Complementary therapies (or alternative medicines) describe an expansive array of approaches to healthcare that are generally regarded as alternative or additional to the teaching of modern science and medicine. Some examples of complementary therapies include:
- Nutritional Therapy
The idea behind the ‘complementary’ part of ‘complementary therapies’ is that these treatments can be used in conjunction with a traditional medical approach, although this is often not backed up with scientific evidence.
There are many different complementary therapies and many are quite different, so it can be difficult to use a blanket phrase or description in order to describe how complementary therapies are performed. However, generally speaking complementary therapies can often include holistic and spiritual health into account when patients are being treated.
There is a divergence of opinion regarding the validity and effectiveness of many forms of complementary therapy, although many of these forms of therapy have gained increased credibility in recent years. For example, chiropractic and osteopathy, which traditionally have not been accepted as useful or effective, are now receiving favourable reviews from many different people, and are generally accepted as having some use.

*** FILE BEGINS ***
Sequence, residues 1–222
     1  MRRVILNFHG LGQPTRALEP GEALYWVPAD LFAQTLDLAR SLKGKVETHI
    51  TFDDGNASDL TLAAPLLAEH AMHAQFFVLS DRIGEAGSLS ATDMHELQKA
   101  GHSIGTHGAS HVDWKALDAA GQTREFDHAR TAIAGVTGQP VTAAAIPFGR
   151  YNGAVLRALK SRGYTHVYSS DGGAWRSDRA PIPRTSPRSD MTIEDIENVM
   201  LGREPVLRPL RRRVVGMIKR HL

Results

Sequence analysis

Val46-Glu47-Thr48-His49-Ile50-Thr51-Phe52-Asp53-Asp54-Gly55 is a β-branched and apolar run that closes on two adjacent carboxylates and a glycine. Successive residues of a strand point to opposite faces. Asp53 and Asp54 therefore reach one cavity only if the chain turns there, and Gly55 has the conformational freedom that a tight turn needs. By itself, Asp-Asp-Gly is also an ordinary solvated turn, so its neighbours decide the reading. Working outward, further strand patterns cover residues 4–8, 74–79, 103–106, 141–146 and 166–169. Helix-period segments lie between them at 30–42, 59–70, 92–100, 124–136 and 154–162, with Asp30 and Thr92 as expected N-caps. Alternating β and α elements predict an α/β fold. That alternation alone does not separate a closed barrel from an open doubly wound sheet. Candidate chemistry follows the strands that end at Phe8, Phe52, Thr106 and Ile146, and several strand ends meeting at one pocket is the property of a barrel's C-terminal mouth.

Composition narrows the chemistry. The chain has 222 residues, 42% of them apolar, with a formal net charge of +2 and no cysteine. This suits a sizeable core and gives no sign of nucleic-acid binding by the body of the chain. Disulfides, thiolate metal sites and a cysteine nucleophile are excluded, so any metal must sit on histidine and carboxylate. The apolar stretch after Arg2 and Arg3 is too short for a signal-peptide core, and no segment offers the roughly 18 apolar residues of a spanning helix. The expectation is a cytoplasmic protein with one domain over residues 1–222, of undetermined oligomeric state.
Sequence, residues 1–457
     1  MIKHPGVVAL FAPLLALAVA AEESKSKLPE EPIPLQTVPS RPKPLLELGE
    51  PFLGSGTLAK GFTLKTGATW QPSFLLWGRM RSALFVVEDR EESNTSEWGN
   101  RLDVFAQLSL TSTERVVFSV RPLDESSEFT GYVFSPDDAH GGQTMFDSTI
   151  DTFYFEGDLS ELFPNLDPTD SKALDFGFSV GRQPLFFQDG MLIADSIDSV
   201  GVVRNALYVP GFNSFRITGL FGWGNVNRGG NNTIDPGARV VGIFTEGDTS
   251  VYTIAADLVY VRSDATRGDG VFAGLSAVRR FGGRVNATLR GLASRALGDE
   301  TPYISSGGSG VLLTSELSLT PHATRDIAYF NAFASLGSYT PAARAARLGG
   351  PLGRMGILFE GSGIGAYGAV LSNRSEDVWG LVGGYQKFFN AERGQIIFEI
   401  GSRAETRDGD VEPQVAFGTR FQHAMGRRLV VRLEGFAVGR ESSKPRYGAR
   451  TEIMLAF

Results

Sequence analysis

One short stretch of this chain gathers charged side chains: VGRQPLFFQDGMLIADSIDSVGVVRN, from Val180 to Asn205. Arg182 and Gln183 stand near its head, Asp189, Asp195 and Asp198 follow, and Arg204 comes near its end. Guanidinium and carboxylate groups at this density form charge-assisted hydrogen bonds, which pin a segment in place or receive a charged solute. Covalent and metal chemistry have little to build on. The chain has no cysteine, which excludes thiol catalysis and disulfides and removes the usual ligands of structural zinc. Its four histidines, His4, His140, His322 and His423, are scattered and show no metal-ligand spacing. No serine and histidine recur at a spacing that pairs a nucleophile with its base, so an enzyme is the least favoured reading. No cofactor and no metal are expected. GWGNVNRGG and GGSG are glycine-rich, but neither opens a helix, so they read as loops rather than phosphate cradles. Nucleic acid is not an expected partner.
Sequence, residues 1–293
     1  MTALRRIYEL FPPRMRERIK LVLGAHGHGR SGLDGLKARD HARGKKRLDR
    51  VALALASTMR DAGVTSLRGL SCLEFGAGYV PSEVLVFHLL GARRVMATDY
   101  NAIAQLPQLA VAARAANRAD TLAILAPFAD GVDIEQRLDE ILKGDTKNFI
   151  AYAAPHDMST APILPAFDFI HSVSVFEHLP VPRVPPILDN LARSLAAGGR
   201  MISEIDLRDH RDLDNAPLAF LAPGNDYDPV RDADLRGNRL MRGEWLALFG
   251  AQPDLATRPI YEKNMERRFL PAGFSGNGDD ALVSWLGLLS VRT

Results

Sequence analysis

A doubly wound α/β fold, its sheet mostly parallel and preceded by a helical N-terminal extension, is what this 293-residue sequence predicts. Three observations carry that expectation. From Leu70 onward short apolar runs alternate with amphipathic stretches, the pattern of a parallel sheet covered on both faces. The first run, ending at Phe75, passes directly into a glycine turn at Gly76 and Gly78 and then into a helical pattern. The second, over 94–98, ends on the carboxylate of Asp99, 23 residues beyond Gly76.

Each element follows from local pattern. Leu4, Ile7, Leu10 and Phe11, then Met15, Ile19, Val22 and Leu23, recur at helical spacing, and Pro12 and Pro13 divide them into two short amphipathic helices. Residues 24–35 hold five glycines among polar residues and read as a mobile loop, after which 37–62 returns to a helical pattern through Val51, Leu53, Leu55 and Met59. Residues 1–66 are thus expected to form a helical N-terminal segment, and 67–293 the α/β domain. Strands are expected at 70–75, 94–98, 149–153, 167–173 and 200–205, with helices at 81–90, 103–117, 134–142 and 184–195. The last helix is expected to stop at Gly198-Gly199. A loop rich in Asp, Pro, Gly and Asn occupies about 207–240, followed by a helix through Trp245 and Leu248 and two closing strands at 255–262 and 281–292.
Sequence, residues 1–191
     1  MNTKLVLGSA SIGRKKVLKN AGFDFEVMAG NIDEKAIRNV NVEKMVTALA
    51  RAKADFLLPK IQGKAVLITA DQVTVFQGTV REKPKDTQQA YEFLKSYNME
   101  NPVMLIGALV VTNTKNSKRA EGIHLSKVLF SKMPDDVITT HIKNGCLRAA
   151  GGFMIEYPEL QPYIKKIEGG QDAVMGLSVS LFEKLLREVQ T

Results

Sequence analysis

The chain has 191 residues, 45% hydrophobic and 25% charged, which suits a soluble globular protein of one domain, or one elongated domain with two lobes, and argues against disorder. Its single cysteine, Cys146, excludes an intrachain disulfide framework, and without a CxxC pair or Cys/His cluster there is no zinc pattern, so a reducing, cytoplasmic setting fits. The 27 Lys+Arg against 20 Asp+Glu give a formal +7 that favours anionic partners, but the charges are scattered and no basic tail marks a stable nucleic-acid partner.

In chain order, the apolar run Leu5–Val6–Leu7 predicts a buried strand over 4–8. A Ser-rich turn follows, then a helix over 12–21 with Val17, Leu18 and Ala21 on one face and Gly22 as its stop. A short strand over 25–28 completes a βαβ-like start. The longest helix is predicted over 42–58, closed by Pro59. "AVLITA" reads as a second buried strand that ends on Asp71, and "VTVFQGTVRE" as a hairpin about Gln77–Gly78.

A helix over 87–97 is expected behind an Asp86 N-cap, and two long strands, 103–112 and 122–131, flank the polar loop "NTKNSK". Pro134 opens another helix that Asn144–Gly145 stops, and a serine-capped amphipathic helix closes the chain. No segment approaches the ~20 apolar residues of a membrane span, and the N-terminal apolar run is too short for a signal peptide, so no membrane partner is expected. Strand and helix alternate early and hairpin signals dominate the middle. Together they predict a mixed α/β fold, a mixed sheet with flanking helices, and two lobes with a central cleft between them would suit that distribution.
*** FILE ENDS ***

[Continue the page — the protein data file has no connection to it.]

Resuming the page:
Many complementary therapies are derived from ancient approaches. For example, acupuncture originates in many ways from Chinese astrology, whilst the Chinese concept of “qi” is the basis of many complementary therapies. This is one of the reasons why the scientific community are loathe to accept many complementary therapies are genuine and effective ways to treat individuals.
One of the good things about using complementary therapies is that generally speaking they can be utilised in conjunction with other medicines. Furthermore, as time goes on, many complementary therapies are receiving more and more credibility from the medical and scientific world; to the point where acupuncture and osteopathy are generally fairly well regarded.
Nutritional Therapy takes into consideration many factors that may have influenced your health and can include stress levels, family history and medical history to name a few. Nutritional therapy looks at the whole person from various aspects of your past to your current lifestyle. You are normally asked to keep a food diary and complete an in-depth questionnaire. Occasionally, blood & urine samples maybe required. You maybe asked to change your diet and be suggested supplements to improve your health condition.
Most of the therapists listed on this page offer multiple therapies, and many are clinics or health centres offering a range of treatments. Most are UK based. Most are members of one of the multi-disciplinary professional associations such as The Federation of Holistic Therapists or The Guild of Professional Practitioners